“I never take it off,” Sari Stowel says, pointing to the discrete silver necklace that hangs around her neck. At the end of the chain is a small pendant that tucks nicely under the collar of her shirt. “It’s inconspicuous,” Stowel says.

Stowel is 88 and lives in the Chartwell Rockcliffe Retirement Residence, in Ottawa. She moved in when she reached a point in life when she felt she probably shouldn’t be living alone. She, and every other resident at Chartwell Rockcliffe, wear the same silver chain with a small pendant, just one example of what has come to be known as “wearable technology.” The pendant functions as a medical alert sensor. When the small sensor button on the pendant is pushed by its user, an alarm signals and a message is transmitted electronically to a remote server. The message is in turn relayed to care staff at the residence who are able to locate the necklace, and its user.

“It’s great,” Stowel exclaims. “One night I fell asleep and I turned onto my side and it triggered the alarm. A nurse came in the middle of the night. She woke me up and said ‘I called’ – I said I didn’t. She figured out that I had pressed my necklace under my arm when I rolled over,” says Stowel, laughing at the mistake.

The simplicity of the device is what appeals to Stowel, who acknowledges that at her age, she doesn’t want extra things to keep track of her. “You get everything mixed up,” Stowel says. She admits that the pendant is the only form of technology that she uses and wearing her necklace is enough for her. “It’s enough to keep track of old people themselves, not to mention trying to remember things they often don’t,” she says. Stowel says she has no privacy concerns with wearing her medical alert necklace. In fact, she’s pleased the nurse woke her up that night. “I know it works,” she says. “I’ve never had to use it because of a fall, thank goodness.”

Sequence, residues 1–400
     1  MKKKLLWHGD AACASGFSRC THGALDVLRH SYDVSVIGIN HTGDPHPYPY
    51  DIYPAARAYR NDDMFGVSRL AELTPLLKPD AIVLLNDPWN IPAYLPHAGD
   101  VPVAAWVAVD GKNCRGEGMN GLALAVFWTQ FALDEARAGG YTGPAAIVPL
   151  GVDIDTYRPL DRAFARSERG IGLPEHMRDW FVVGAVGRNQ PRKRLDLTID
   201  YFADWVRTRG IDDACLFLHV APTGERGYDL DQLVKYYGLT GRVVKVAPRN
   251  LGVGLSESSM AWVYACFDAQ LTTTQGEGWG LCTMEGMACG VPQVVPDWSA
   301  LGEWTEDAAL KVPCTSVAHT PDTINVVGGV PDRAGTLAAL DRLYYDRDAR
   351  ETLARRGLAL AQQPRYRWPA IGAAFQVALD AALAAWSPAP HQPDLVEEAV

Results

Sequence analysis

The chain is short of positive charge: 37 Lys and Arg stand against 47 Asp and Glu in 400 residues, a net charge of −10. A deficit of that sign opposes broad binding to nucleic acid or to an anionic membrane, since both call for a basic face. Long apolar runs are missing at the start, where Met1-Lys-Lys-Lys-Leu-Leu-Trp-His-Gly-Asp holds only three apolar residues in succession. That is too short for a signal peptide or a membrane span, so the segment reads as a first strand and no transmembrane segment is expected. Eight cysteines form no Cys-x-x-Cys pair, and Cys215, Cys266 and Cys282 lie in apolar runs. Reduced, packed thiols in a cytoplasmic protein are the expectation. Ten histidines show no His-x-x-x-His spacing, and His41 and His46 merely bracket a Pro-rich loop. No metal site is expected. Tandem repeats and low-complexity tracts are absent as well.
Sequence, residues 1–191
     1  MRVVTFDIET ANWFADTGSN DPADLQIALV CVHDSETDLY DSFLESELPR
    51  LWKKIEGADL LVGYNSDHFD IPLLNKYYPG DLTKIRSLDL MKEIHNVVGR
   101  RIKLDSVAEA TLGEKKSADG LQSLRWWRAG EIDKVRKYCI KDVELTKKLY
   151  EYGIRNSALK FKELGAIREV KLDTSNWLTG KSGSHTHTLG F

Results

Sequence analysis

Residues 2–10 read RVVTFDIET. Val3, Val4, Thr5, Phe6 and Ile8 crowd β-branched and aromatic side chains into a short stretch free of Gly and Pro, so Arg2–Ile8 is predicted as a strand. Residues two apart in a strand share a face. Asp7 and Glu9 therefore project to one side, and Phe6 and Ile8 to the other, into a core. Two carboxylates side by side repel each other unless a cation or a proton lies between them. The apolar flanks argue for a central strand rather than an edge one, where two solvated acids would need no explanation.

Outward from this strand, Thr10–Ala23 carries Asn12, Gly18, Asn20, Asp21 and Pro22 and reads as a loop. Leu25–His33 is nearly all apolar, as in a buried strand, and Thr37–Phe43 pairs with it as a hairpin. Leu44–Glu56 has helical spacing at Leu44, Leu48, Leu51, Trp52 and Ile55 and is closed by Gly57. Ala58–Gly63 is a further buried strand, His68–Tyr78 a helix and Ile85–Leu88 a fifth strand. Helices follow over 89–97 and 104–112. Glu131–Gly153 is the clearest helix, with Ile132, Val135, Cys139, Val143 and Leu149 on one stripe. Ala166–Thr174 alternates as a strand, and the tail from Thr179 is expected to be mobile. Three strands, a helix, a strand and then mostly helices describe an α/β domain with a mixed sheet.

For Stowel, the benefits outweigh any risks to her privacy. She says she feels safe and protected by her necklace and its communicating pendant.

Whether Stowel or all the other residents of the Chartwell Rockcliffe Residence are fully aware of it, they are now part of the leading edge in wearable technology.

While wearables have applications across the generations – for fitness buffs, for younger people undergoing medical treatment – the leading edge could be among the aged.

Canada’s population is rapidly aging and the increased number of seniors will put pressure on Canada’s health care system. Governments everywhere are keenly aware of the need to keep patients out of hospitals and retirement homes, and reduce healthcare costs. As a result, there is a push for innovation in health care to mitigate costs by using resources effectively.

According to the Canadian Institute for Health Information, the possibility of technological change could create cost savings due to process efficiency.

Advocates maintain that wearable technology is a relatively easy way to collect data. In the grand scheme of things, the devices are cheap and easy to use. Many devices, such as a Fitbit, offer quantifiable goals and being able to keep track of accomplishments provides incentives to a patient for self-improvement. The arrival of wearable technology in both the consumer market and health care represents an emerging trend toward personalized medicine as individuals manage their health information.

Perhaps it is inevitable that our obsession with health and fitness would at some point intersect with another ubiquitous aspect of modern life – technology.

NEXT: The beginning, Canada’s aging population.